Sunday, January 17, 2010

The Ultimates vol. 1

As much as I enjoy the superhero genres I’ve devoted myself to one small fraction aka the X-Men titles. Beyond that field, my knowledge is quite limited. To remedy this most unfortunate I decided to pick something hot off the superhero grid [I count a series hot prior to hitting that crucial fiftieth issue]. I have heard of The Ultimates, but never joined in the party, so volume one was added to my reading spree.

I more often than not pay attention to the writer, when I am about to write a review, so Mark Millar didn’t ring that much a bell [a travesty, I know], but he wrote and still is writing some of the titles I am positively addicted to: Kick Ass, Ultimate X-Men and Wolverine. Then we have many other Ultimate titles like the Fantastic Four and the Avengers, but I’ve yet to pick a copy. With all the dots connected, I deduced that I would love this series. I did not quite get there, but I had a blast reading it.

The Ultimates is according to the Internet a modern reimagining of America’s favorite super hero ensemble the Avengers. After reading the first volume, I have to say that this is a gritty reboot to a franchise that needs to get hip again. The 00’s have been marked with the need to go bad. Music has been slutted up, movies push the limits of how much gore the human mind can handle and popular culture craves the gritty, the rough and the tough. It all has to be dark and scowling. And the Avengers seem a bit too squeaky clean for this shift in attitude, so the Ultimates is the Avengers minus the nobility, plus the cynicism and with that super-size blood sprayed battle plan. I haven’t read the actual Avengers to say how much the Ultimates differ from the original characters, but the difference is definitely there. I mean Captain America has never been as blood thirsty during combat as he is in the Ultimates and I’ve spotted a few cameo appearances.

Volume one centers on the team’s establishment and maiden voyage so to say, which has a lot to do with a massive alien invasion. The Ultimates is an offspring of SHIELD and under Nick Fury we have Doctor Banner issued to develop a brand new Captain America to the world and the Pyms are working on a giant formula. Tony Stark simply volunteers and the real Captain America has been salvaged from an ice block found near Iceland. Black Widow and Hawkeye along with Scarlet Witch and Quicksilver are the Black Ops, while Thor’s still being recruited and things on that front are not fruitful.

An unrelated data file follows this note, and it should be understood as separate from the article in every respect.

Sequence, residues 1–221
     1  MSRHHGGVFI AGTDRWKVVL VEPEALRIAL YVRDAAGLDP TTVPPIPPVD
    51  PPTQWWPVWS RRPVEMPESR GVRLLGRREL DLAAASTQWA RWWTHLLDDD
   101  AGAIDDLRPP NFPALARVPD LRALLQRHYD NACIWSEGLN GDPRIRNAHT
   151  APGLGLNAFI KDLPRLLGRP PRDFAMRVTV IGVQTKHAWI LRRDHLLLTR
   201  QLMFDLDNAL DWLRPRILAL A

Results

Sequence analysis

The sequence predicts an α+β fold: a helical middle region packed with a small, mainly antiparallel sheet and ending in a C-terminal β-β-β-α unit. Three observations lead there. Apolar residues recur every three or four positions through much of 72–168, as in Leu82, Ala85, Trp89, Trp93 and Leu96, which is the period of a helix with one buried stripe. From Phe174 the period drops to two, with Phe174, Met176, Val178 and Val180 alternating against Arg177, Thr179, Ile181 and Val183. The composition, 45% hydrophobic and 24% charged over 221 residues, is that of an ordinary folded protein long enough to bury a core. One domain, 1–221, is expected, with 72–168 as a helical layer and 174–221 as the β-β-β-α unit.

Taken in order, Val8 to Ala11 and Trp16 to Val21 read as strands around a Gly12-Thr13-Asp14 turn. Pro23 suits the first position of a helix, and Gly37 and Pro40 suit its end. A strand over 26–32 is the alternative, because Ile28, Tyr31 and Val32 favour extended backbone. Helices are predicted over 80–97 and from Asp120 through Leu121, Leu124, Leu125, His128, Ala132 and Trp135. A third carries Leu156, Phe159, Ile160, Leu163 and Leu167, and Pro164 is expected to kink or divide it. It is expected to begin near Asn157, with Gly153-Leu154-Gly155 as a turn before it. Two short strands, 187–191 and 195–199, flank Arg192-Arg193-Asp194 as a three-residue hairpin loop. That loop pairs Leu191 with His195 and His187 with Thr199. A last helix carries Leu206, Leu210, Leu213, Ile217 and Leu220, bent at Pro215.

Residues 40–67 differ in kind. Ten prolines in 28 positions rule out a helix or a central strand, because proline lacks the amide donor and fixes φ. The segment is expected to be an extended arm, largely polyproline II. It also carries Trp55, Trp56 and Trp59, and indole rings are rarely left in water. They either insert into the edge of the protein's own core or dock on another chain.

There are a number of fail starts, the whole operation is close to having its plug pulled and it’s all about PR it would seem. Because of PR the team is not publically hiring mutants and not considering the Fantastic Four, which are in a tight spot themselves. To emphasize the whole PR thing we have famous TV spokespersons make cameos like Larry King and later on in the following volumes Oprah and Leno. In charge of this department is none other than Bethy Ross, Banner’s ex, who has been turned into an ice queen supreme. No Liv Tyler; it’s all I can say.

The shockers that might surprise you from this volume include Banner, who supposedly has been cured of the Hulk cells, jamming super soldier serum and Hulk cells into him to give the Ultimates something to fight. Mind you, I am not talking about the ‘Hulk, Smash!’ repertoire, but something along the lines ‘Hulk, Horny!’ and other interesting profanities. Then we have the Wasp distracting the Hulk with cleavage, domestic violence between Pym and Janet that goes way out of hand, when superpowers are involved and Thor agreeing to aid these heroes, when the US government doubles its International Aid Budget. With all these warm-ups I had no problems handling the full force of the Skrull invasion and the blood that spilled.

Ladies and gentlemen, this is not the Avengers as you have known them; this is their I-mean-business hardcore alter ego. I know it sounds repetitive, but I’m still processing the ‘ultimate’ version, where all stakes are off, everybody has their own agenda and being above the level of any ordinary human is a lethal skill, willing to be used to get a point across. Maybe if we were to mix the Avengers with Sin City, this would be the result. Babbling aside, what I am trying to say is that we have a brand new angle to look at beloved characters and it’s awesome. As with all superhero ensembles the focus falls on the action and the team member’s interaction, since the devil is in the details. It’s the small moments chained together around the big ones that either satisfy the reader or not.

Before I conclude the review I’d like to mention Bryan Hitch. Because comics are based on the symbiosis between writer and artist, there have to be a few words about the penciller. I’m with mixed opinions about his lines. On one extreme I’ve devoted adoration for his sceneries, which I find engulfing, atmospheric and beautiful. The lines quality is certainly enhanced by the colors applied; so kudos to the colorists on the team. Hitch knows how to draw his battle scenes and the human body is especially dynamic and fluid in its movement. I expected the figures to leap out from the pages. I even loved how he got the human body as proportions and shape, but the man couldn’t win me over with his faces. His technique didn't impress me much as far as faces are concerned and I am afraid that it's a touch and go between me and his faces.

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